While options and depth might sound similar, they most definitely are not when it comes to this title, as the game allows you to establish your own universe and run it in the way you want. Some will love the idea of traveling during the summer and watching possible prospects play in summer events and leagues, while others will want to pass that task off to their assistant coach (in other words, let the computer control that aspect). Some will also love the idea of recruiting players, traveling to their homes, talking with them on the phone, and having them on campus for a visit, while others will want to entrust that job to their staff.
There is no right or wrong way to approach and play DDS: CBB 19, but all the options are there for you to play specifically how you want, and all of these options can be changed over time as you begin to feel more comfortable with the title. Wolverine Studios has made the game accessible to all, and that is the approach a company absolutely needs to take with a text-sim game like this.
I am not saying you have to utilize one of the many game mods out there to enjoy DDS: CBB 19, but it definitely helps. Obviously with the current climate of NCAA athletics and sports video games, DDS: CBB 19 is not a licensed product, but the title does allow for teams, rosters, conferences and tournament names, and all the logos associated with these to be fully modified in whatever universe the user is trying to replicate. Most of the game mods can be found right on Wolverine’s own website, with easy instructions on how to apply them. And, of course, they are free of charge.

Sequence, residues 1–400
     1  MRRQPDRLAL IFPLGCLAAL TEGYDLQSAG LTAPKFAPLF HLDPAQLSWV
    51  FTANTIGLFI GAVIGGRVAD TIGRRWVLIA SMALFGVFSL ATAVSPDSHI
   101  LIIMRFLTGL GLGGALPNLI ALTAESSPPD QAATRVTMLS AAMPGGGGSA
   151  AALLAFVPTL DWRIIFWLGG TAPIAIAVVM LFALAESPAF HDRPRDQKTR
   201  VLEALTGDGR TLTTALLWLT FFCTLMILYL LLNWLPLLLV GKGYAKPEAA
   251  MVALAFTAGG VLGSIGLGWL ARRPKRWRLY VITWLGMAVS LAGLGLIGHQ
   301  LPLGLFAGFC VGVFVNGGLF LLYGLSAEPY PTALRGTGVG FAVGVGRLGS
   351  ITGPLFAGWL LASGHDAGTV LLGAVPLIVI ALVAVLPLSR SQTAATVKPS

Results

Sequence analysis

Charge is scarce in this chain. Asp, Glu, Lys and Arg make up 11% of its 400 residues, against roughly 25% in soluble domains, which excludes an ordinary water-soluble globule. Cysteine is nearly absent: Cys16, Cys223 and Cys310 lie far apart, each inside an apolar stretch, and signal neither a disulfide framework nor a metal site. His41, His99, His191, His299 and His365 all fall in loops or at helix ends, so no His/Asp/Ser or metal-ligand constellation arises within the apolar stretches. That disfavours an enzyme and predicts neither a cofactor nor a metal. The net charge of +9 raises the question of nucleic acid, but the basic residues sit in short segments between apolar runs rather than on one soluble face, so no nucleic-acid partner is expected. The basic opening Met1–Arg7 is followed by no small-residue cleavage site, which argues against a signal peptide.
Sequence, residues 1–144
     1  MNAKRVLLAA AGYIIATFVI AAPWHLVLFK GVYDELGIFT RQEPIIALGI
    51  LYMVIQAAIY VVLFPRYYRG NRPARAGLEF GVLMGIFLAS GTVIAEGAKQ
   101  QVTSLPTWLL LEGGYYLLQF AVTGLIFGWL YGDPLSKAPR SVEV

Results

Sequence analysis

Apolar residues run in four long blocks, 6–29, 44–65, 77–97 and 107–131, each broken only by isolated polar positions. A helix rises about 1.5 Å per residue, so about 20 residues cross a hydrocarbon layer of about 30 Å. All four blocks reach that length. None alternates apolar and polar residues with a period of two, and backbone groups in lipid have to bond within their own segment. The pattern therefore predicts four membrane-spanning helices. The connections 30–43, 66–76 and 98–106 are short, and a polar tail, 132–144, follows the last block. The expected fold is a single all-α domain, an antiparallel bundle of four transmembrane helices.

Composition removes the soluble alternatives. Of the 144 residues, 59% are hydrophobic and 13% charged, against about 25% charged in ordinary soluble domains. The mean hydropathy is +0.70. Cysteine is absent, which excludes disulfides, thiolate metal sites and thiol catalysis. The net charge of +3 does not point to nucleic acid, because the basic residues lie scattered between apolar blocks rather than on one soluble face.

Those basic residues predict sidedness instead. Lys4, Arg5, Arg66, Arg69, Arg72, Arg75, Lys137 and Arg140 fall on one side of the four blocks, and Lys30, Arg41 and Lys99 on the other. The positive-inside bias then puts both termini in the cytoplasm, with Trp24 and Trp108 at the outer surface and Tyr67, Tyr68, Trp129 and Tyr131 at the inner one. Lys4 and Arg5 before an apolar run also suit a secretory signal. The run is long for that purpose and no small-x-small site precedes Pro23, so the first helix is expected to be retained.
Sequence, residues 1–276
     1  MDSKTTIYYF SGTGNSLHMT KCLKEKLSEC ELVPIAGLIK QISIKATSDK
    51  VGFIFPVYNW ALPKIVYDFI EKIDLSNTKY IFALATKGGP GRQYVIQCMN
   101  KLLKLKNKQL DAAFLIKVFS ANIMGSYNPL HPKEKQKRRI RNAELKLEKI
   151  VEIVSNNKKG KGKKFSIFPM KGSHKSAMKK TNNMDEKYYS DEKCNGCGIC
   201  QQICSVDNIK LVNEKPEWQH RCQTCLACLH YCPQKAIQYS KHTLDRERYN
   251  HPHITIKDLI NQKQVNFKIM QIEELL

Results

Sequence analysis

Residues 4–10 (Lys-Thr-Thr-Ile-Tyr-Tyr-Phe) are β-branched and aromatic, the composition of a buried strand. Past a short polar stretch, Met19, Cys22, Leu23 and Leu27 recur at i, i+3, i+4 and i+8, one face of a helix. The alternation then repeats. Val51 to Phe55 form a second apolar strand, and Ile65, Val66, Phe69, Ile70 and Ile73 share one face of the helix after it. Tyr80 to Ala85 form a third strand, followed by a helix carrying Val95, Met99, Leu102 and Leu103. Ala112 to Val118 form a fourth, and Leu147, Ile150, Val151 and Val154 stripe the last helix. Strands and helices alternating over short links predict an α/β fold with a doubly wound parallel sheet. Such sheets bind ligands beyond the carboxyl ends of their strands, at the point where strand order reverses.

What I Don’t Like
It may seem odd that I mention the game view as being one of the negatives after giving it praise earlier, but I am doing just that for a specific reason. The 2-D view, while helping with immersion, only goes so far because of the icon/avatars that are used during the game itself. Instead of seeing little sprites representing the action unfolding on the court, you have to watch individual jerseys move about the court.
While not a huge issue, if Wolverine were to implement a view similar to that of Out of The Park Baseball, it would enhance the overall experience in an extremely positive way.
The game allows for roster editing, but the in-game version is limited and a bit cumbersome, especially for newcomers. The rosters can be exported and edited, but not everyone has the ability to do that. A simple retooling of the in-game roster editor would make things a bit more approachable for everyone, and allow people to easily manipulate the world they are trying to create. Utilizing the commissioner option can help the editing process, and as mentioned before, almost everything can be edited, I am just hopeful the process can be a bit more streamlined in future editions.
I have rarely, if ever, enjoyed text-based sports simulators at a high level, but what Wolverine has accomplished and delivered with DDS: CBB 19 has changed that. The depth, control and functionality here makes it accessible to the masses and helps draw in new members to an already growing community. Even if you’re not into text-sim-style games, if you enjoy college basketball then DDS: CBB 19 should provide you with hours of simulated college basketball entertainment.